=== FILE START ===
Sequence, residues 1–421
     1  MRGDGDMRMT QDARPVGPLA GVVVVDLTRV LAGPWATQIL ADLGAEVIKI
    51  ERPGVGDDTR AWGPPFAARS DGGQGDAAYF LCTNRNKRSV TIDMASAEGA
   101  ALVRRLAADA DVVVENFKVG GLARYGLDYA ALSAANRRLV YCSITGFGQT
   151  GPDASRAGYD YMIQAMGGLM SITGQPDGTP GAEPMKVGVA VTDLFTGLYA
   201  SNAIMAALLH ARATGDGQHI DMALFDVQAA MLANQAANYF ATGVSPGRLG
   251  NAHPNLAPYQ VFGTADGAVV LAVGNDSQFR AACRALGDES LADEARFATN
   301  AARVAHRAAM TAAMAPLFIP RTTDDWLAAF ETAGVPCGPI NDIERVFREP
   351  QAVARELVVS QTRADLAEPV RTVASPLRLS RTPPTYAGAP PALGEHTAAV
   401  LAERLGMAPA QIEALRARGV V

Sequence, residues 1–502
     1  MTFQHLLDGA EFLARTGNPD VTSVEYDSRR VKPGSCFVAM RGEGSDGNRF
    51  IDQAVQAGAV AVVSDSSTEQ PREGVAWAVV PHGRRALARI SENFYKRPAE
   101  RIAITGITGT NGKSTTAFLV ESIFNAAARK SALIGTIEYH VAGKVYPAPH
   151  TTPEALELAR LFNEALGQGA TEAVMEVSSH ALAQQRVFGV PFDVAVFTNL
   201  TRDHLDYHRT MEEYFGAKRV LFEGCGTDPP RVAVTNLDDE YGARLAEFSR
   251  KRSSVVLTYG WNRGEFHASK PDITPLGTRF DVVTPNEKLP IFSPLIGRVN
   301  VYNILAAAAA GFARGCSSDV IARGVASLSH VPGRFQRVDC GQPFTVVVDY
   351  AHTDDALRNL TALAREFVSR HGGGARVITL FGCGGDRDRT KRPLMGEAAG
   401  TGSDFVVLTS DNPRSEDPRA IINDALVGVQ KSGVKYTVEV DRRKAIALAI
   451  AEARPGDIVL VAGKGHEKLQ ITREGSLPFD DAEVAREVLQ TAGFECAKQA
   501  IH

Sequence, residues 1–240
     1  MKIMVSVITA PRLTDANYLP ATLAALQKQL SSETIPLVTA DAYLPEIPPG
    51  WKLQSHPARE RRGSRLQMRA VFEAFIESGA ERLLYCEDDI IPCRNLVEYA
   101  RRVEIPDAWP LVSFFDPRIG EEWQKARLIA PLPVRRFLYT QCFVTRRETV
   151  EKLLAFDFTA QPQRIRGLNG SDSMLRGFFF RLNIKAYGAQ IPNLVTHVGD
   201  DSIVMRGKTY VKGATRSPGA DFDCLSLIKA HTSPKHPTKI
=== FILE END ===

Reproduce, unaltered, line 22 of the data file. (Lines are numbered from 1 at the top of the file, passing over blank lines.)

   501  IH